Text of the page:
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This week Woolworths was accused of underpaying its staff by more than $1 million. It’s not the first time that large businesses have been in the headlines for such acts.
In June, BHP admitted to underpaying almost 30,000 Australian workers since 2010, which cost it more than $400 million to amend; in July, the University of Wollongong admitted to underpaying casual workers by $8 million, stretching back to 2016.
With complex pay structures and ever-evolving labour laws, ensuring that you’re actually getting paid properly can be incredibly challenging.Credit: Dionne Gain
While these payroll issues are largely due to clerical errors, it pushes questions such as “am I being paid correctly?” and “how do I have this conversation with my employer?” to front-of-mind.
Every employee deserves to be fairly compensated for their work and dedication. But with complex pay structures and ever-evolving labour laws, ensuring you’re getting paid properly can be incredibly challenging.
Whether you’re working full-time, part-time or casually, now is the time to take a more active approach in understanding your entitlements, so you know you’re being fairly paid – because if I know anything, it’s that from little things, big things grow. A few dollars here and there add up, not just at the end of each week but also when it comes to the big things in life, such as a healthy retirement fund.
Understand your status
The first step in ensuring fair pay is to know your employment status. Are you a full-time, part-time, casual or contract employee? Each category comes with rights and entitlements, such as minimum wage, leave benefits and overtime pay.
We have so many privileges getting to work in Australia, but that doesn’t mean you should put up with being taken advantage of.
Understanding your employment arrangement will help you to advocate for your rightful compensation and benefits. The best way to do this, in my opinion, is the Fair Work website. I am consistently singing its praises for being an accessible and easy-to-understand resource that you can use to know your rights on everything related to employment.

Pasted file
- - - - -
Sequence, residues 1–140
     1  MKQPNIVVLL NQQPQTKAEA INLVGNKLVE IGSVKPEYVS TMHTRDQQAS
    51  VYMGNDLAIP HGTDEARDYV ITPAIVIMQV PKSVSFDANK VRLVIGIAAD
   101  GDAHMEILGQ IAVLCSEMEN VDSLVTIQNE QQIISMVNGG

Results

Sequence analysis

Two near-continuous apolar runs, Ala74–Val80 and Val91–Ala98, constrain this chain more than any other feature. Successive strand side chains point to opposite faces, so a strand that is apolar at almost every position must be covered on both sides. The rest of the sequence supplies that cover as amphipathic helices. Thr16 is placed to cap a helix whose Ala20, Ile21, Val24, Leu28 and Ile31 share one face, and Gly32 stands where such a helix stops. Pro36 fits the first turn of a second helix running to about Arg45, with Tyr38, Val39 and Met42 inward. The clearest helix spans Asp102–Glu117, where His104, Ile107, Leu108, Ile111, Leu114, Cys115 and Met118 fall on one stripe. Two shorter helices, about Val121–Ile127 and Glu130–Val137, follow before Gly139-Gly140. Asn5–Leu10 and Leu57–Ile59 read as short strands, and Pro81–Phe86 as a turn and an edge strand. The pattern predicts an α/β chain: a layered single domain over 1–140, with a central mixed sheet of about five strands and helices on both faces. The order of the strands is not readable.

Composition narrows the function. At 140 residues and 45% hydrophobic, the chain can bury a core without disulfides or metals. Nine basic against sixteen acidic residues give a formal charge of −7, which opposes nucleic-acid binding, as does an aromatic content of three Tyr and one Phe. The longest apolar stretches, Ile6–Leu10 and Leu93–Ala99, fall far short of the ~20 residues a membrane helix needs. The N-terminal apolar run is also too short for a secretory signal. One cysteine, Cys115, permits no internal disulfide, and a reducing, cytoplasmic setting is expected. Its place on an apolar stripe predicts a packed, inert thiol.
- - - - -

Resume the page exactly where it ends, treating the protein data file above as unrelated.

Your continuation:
The next things I want you to get familiar with are the National Employment Standards (NES). While they don’t sound enthralling, they’re the foundation of fair pay and working conditions here in Australia.
The NES are the 11 minimum employment entitlements that have to be provided to all employees, regardless of what the employment contract says. The key elements of the NES are things like minimum wage, annual leave entitlements, personal leave and public holidays. By acquainting yourself with these standards, you’ll gain a solid grasp of your basic entitlements as an employee, which to me is really sexy.
The NES comprises minimum entitlements for employees in Australia. No other workplace instrument can undercut the National Minimum Wage or the NES – not awards, employment contracts, enterprise agreements or other registered agreements (which must be approved and registered with the Fair Work Commission).
Modern awards are industry-specific regulations that outline minimum pay rates and conditions for various occupations. This is where our friends at the Fair Work Commission have done an incredible job of making it straightforward for us to categorise ourselves – which until very recently wasn’t so simple.
On the Fair Work website is a tool called “Find My Award”, a three-step form to help you find the proper award that covers you – which I then use together with the Fair Work Pay Calculator, which calculates base pay rates, allowances and penalty rates (including overtime!) – it’s the tool that Infoline advisers use to answer enquiries when you call Fair Work.
Build your case
Now, let’s say you’ve done some research (which was easier than you thought it would be, hey?) and you’ve come to the unfortunate conclusion that your employer is underpaying you. What to do? Storm into your boss’ office and demand backpay?
No! – not only because that is far too confrontational for me personally, but also because now’s the time to get all one’s ducks in a row so as to get the best possible outcome. To achieve that, you must document, document, document. Download or get your hands on all of your payslips and be sure to maintain accurate and detailed records of your working hours, overtime and any leave taken.